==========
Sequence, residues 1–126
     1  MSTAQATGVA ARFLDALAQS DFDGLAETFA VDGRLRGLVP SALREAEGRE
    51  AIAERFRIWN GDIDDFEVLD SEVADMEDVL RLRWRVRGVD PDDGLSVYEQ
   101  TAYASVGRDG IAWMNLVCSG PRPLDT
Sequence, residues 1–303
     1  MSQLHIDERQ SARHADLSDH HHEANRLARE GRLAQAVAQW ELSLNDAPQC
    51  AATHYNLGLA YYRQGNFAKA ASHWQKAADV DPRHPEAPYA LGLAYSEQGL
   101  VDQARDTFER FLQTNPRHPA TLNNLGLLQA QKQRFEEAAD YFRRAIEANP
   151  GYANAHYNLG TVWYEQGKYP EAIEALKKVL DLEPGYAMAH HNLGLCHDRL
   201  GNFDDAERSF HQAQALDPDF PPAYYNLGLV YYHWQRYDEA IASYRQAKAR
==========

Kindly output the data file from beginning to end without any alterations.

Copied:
Sequence, residues 1–126
     1  MSTAQATGVA ARFLDALAQS DFDGLAETFA VDGRLRGLVP SALREAEGRE
    51  AIAERFRIWN GDIDDFEVLD SEVADMEDVL RLRWRVRGVD PDDGLSVYEQ
   101  TAYASVGRDG IAWMNLVCSG PRPLDT
Sequence, residues 1–303
     1  MSQLHIDERQ SARHADLSDH HHEANRLARE GRLAQAVAQW ELSLNDAPQC
    51  AATHYNLGLA YYRQGNFAKA ASHWQKAADV DPRHPEAPYA LGLAYSEQGL
   101  VDQARDTFER FLQTNPRHPA TLNNLGLLQA QKQRFEEAAD YFRRAIEANP
   151  GYANAHYNLG TVWYEQGKYP EAIEALKKVL DLEPGYAMAH HNLGLCHDRL
   201  GNFDDAERSF HQAQALDPDF PPAYYNLGLV YYHWQRYDEA IASYRQAKAR